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Previous Challenge Entry (Level 3 – Advanced)
Topic: Writing (01/11/07)

TITLE: Shakespeare Never Ate at the Donut Dugout
By Marilee Alvey


It can be a lonely life, being a writer. Few would understand the struggles that come with searching for the perfect word, the nuance. Don’t take my word for it. Check out Darrel Potts.

“It was a dark and stormy night.” No, too trite.
“The sky was as dark as a bad dye job.” No. Laughable.
“Nightfall was gloomy and threatening.” Close enough.

Darrel sat in the corner of the Donut Dugout, scratching his head as he peered at his laptop. Glancing around to fight off eyestrain, he found himself surrounded by retired farmers, or so it would seem. Was there a vendor outside selling John Deere caps? Not likely in the miniscule town of Cornell, Illinois. He looked at the menu in front of him. “The Donut Dugout – where chowhounds meet.”

Darrel was irate. His internet service had been down for a full week. He’d sat outside his house with an old ripped up card table and his laptop, trying to pick up signals from other peoples’ homes, but decided against it when Earlene Kusky rolled down her car window and asked him if he was setting up a lemonade stand. Earlene basked in attitude like others did sunshine. Her daddy was postmaster of Cornell. “Please don’t give me special service. After all, we’re just common people,” she was known to say just a little too loudly at the slightest pretense. One day it would be when the waiter brought a basket of crackers to her table at the Fireside Inn, the only true restaurant in Cornell. They had real cloth napkins over there. The next day, it might be turning down a lid for her slurpie at the Mighty Mart attached to the Feed ‘n Seed Shop. She’d preened, strutted and sashayed past her expiration date, he thought, so Darrel went to the Donut Dugout to work. For some reason beyond his understanding they’d installed wireless. People in Cornell knew strapless, but wireless was beyond their grasp.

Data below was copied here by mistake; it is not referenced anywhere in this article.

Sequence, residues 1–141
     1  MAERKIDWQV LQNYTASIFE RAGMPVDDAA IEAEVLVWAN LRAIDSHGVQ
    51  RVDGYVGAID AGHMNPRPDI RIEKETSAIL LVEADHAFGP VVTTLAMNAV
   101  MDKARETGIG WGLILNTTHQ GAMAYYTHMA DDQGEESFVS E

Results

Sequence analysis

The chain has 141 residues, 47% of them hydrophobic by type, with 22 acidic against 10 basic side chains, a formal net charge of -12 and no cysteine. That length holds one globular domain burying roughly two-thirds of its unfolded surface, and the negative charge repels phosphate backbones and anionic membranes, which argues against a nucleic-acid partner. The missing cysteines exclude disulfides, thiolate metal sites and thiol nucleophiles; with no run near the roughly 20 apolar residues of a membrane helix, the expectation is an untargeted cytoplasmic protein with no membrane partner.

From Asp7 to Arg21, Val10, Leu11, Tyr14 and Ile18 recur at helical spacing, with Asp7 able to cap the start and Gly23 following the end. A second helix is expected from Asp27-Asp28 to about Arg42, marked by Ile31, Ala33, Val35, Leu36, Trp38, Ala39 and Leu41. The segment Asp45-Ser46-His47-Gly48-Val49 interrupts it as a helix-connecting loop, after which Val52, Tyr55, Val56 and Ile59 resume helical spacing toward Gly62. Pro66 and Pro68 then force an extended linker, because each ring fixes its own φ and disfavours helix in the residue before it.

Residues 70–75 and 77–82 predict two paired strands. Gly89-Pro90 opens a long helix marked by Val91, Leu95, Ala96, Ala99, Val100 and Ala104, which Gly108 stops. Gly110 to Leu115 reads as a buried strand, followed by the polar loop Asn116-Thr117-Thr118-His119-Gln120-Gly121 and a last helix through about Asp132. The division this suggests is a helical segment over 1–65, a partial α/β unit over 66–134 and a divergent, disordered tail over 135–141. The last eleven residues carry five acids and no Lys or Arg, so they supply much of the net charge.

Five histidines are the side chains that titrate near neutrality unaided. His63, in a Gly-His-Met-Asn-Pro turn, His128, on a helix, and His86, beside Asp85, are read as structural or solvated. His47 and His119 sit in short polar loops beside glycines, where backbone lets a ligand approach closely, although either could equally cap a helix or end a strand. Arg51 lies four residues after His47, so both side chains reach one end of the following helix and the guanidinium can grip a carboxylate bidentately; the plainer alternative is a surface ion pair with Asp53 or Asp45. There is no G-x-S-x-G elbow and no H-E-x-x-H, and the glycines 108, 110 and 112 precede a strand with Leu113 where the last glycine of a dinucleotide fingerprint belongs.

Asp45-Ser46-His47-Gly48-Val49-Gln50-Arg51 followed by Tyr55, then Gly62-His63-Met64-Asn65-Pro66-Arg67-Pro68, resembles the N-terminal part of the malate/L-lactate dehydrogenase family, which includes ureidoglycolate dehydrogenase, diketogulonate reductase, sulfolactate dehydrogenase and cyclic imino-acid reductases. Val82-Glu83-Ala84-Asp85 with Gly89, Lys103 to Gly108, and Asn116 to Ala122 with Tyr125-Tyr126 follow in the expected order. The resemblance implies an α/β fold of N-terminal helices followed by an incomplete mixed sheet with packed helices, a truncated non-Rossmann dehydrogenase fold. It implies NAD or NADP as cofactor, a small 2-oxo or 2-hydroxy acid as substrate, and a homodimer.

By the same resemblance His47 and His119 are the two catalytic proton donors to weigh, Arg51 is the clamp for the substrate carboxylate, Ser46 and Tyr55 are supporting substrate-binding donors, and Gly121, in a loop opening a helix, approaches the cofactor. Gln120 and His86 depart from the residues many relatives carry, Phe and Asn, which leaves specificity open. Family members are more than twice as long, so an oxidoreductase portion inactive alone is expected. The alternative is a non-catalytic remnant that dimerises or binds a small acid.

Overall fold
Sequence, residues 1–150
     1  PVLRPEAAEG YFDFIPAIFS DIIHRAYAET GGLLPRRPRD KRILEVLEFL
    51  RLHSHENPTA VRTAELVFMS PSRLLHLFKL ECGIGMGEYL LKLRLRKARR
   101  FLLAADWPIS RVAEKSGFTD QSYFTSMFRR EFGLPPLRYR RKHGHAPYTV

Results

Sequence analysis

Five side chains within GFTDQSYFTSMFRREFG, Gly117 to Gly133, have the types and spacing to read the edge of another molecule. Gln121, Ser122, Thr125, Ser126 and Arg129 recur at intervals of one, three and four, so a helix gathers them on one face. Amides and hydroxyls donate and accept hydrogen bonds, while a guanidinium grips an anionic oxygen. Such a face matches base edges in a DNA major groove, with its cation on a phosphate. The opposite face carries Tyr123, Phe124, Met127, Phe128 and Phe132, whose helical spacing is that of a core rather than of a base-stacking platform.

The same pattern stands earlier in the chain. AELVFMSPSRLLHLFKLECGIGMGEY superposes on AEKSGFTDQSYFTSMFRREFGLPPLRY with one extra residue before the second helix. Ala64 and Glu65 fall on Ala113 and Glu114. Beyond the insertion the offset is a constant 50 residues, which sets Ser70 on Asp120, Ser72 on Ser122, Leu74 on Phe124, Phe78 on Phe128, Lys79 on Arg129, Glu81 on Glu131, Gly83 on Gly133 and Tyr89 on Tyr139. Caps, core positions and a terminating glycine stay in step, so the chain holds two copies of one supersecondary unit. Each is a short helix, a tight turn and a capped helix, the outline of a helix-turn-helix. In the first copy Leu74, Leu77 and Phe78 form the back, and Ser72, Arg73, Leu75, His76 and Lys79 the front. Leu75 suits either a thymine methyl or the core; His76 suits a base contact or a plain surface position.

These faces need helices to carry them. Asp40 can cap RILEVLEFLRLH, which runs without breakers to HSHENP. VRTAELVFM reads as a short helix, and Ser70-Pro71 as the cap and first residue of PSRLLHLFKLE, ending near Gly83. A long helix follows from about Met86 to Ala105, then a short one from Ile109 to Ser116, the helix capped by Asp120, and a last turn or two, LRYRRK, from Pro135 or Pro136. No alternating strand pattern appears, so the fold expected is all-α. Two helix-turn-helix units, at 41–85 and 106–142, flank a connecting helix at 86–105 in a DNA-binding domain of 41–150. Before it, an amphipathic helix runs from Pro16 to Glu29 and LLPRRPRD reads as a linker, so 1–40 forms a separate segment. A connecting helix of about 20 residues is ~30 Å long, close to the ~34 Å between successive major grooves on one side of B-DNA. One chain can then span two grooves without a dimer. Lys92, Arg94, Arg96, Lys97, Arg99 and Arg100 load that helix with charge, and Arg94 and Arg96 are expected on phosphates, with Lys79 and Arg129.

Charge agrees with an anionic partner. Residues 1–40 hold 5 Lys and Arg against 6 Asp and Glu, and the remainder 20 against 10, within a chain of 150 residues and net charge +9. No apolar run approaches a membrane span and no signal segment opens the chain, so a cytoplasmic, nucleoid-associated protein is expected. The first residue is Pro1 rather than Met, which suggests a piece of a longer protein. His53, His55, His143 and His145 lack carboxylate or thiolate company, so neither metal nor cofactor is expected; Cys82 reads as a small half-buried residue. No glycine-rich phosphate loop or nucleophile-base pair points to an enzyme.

“Hey there, son. Haven’t seen you around here before. What’s the occasion?” Sam Erless sidled over to Darrel’s table.

“Hi, Sam. I’m just over here until my internet starts working again.”

“If’n you need a net, you know, they got a sale on ‘em over at the Feed ‘n Seed. I reckon if you’d mosey over there today you could catch you a deal….”

“Thanks, Sam.”

It’s awful to say, but a thought sprung up in Darrel’s head and he let it walk around a bit, unleashed. “I’m surrounded by cretins,” he reflected. Before he could send the thought packing, it turned into a cretin fest, oldsters coming from all four corners. To Darrel it was “Night of the Living Dead” come to life. It was harvest time: they’d come to suck out his brain.

“You know, Darrel, I never did know what you do for a livin’” Jim Caldwell asked.

Darrel felt the hair stand up on the back of his neck, but he replied, as even toned as he could get, “I’m a writer.”

“What kind of writer?” Stuart Gibson asked, going in for the kill. Darrel peered at Stuart’s ball cap with the American flag on it. It was so tattered that the thought crossed Darrel’s mind that Stuart should contact the American Legion Post 56 and ask them how to dispose of it with dignity.

“I write about interesting people, I guess you could say.”

“Uh-oh, boys, he’s going to be writin’ about us. Watch yer language,” Stuart said as he pretended to recoil in horror.

“No need,” Darrel said. He didn’t point out that he didn’t see any material that qualified.